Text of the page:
An introduction to Classical Nahuatl

An introduction to Classical Nahuatl. By Michel Launey. Ed. and Trans. by Christopher Mackay. Cambridge: Cambridge University Press, 2011. Pp. xx, 453. ISBN 9780521732291. $39.99.

Reviewed by Peter Freeouf, Chiang Mai University

Finally, there is available an introductory textbook in English for learning Classical Nahuatl that is at the same time quite extensive in its coverage of the grammar of the language. This is a translation of the author’s original French edition. There has also been in recent years a Spanish translation.

Nahuatl has been described in numerous grammars over the centuries, beginning shortly after the Spanish conquest of Mexico in the early sixteenth century. Classical Nahuatl refers to the language of texts written down in the Roman alphabet in the years following the conquest. The grammars of this period attempted with varying degrees of success to describe this language in its full complexity. Before the publication of this textbook, there have been a number of good descriptions of Classical Nahuatl available in English, but for various reasons these works have not been adequate for beginning students of the language. These other works, and in particular J. Richard Andrew’s massive grammar of the language (Introduction to Classical Nahuatl, revised edition, 2003), are invaluable for more advanced study and reference.

This text begins with a short preface and notes on how to use the book. The ‘Preliminary lesson’ and the subsequent thirty-five lessons are grouped into two parts. Part 1 (3–156) contains the preliminary lesson, ‘Phonetics and writing’, and Lessons 1–15. These first fifteen lessons present the basic nominal, pronominal, and verbal morphology as well as basic syntax. There are exercises for each lesson. With the exception of the preliminary lesson, the exercises in each lesson, preceded by a list of new vocabulary, consist of sentences to be translated from and into Nahuatl. At the end of Part 1 there are review exercises (151–56).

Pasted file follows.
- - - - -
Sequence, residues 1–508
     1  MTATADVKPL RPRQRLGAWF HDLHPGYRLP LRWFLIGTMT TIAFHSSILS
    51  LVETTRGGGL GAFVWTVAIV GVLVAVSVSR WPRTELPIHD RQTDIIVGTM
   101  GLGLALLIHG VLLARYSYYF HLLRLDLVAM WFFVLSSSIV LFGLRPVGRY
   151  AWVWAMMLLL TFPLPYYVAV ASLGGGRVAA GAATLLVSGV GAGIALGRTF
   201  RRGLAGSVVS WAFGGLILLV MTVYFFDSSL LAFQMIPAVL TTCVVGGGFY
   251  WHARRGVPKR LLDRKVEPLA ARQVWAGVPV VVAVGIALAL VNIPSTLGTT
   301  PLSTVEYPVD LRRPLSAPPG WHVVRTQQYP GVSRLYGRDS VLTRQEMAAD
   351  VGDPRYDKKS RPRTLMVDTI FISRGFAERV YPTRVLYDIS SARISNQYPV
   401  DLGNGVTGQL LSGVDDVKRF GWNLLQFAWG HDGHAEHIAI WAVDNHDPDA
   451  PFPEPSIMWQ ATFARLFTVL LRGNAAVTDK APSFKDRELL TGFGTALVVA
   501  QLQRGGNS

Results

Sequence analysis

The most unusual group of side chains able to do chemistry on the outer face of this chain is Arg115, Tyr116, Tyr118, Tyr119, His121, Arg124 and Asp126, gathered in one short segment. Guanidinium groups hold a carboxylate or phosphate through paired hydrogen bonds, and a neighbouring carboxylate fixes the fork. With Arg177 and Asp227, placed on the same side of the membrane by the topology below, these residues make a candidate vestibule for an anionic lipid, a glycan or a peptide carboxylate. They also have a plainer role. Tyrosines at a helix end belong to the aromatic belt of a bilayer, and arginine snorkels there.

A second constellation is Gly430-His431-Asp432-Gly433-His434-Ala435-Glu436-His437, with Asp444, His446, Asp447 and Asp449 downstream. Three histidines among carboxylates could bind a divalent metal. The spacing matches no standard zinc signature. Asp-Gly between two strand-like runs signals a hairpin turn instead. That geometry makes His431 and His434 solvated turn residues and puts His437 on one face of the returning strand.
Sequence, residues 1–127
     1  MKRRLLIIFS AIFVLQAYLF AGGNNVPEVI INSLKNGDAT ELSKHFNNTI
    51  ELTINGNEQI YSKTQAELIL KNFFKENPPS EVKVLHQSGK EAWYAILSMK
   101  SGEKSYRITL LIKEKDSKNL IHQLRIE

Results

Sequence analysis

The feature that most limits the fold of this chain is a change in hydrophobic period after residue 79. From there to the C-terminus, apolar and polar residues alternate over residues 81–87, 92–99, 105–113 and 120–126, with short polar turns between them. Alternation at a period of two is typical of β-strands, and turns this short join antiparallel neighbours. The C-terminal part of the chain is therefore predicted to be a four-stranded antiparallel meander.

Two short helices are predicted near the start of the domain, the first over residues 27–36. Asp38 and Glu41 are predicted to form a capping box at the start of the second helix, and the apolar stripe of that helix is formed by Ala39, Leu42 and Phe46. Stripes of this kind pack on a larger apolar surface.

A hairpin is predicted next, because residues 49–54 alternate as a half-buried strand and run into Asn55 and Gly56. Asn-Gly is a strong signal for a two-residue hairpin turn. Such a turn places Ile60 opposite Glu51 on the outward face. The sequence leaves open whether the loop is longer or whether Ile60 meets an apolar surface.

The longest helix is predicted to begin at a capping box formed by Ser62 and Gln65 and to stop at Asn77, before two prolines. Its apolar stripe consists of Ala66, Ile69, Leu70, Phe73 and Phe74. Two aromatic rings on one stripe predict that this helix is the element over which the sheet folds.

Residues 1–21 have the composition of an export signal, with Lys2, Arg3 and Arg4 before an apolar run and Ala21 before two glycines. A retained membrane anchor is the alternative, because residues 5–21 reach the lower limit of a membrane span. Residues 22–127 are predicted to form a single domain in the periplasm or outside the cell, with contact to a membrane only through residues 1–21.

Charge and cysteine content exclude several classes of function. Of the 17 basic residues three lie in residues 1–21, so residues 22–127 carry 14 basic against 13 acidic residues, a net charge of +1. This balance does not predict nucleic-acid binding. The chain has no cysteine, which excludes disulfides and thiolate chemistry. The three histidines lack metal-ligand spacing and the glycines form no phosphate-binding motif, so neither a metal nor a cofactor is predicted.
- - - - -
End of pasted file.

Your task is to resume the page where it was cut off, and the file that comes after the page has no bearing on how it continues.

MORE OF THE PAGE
Part 2 (159–379) consists of Lessons 16–35. This part covers the extensive derivational processes and treats the syntax in a much more detailed fashion than in the first part. There are four appendices (379–428). Appendix 1, ‘Traditional orthography’, summarizes the conventions used in the older documents, as these differ from the normalized orthography used in the textbook. Appendix 2 (by the translator, Christopher Mackay) summarizes the inflectional patterns of the language. Appendix 3 discusses the Aztec calendar, and the final appendix is a key to the exercises. Also included are Nahuatl–English and English–Nahuatl vocabularies and a detailed index. The orthography used in the book attempts to adhere closely to the traditional Spanish-based orthography but at the same time indicate consistently vowel length and glottal stops, something which the older texts and grammar often fail to do.

This is an excellent textbook for learning Classical Nahuatl, either in a classroom setting or by individuals studying on their own. The only linguistics knowledge required is a familiarity with basic grammatical terminology. This text is certain to become and remain the standard pedagogical manual for Classical Nahuatl in English for many years.